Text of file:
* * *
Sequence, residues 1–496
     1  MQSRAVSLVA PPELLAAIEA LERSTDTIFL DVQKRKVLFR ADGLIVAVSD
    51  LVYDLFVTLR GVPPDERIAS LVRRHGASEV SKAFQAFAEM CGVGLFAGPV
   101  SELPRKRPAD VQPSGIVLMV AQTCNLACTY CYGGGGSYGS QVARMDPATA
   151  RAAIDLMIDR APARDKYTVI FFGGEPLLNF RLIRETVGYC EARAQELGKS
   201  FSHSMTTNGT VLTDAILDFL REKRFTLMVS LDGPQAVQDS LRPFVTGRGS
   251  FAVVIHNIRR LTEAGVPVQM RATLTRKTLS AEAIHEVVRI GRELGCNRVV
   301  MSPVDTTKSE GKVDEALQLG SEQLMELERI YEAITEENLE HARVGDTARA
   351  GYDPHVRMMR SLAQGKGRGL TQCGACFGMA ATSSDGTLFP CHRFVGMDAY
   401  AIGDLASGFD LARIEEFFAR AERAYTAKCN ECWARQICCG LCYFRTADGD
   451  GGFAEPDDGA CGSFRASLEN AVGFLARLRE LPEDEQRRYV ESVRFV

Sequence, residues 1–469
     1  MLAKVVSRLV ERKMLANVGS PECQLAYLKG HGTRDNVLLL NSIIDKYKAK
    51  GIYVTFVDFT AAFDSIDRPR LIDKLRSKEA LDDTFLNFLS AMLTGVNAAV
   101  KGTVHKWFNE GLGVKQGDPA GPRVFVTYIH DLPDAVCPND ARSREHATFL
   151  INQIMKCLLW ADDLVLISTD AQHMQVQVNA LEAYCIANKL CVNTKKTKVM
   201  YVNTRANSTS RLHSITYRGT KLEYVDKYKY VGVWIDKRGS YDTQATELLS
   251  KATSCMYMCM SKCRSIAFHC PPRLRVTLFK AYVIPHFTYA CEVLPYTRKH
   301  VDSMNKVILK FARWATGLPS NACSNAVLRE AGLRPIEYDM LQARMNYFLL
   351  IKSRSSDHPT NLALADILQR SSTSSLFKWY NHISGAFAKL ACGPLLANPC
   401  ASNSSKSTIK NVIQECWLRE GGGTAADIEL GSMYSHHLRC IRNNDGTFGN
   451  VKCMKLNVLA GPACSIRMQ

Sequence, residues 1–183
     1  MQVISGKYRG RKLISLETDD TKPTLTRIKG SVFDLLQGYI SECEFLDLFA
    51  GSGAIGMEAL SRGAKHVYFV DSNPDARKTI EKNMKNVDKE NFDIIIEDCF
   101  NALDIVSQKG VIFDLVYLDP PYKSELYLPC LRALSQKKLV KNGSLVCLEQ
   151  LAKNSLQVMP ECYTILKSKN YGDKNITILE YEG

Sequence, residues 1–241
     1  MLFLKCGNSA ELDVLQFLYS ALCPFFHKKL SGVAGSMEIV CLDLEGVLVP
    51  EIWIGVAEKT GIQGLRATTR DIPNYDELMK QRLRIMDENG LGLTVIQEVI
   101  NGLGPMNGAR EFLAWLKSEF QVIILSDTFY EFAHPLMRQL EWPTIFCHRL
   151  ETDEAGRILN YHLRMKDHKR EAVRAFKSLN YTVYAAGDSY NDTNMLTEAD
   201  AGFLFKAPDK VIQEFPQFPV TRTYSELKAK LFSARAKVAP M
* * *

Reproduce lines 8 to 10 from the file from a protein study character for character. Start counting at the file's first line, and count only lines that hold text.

   301  MSPVDTTKSE GKVDEALQLG SEQLMELERI YEAITEENLE HARVGDTARA
   351  GYDPHVRMMR SLAQGKGRGL TQCGACFGMA ATSSDGTLFP CHRFVGMDAY
   401  AIGDLASGFD LARIEEFFAR AERAYTAKCN ECWARQICCG LCYFRTADGD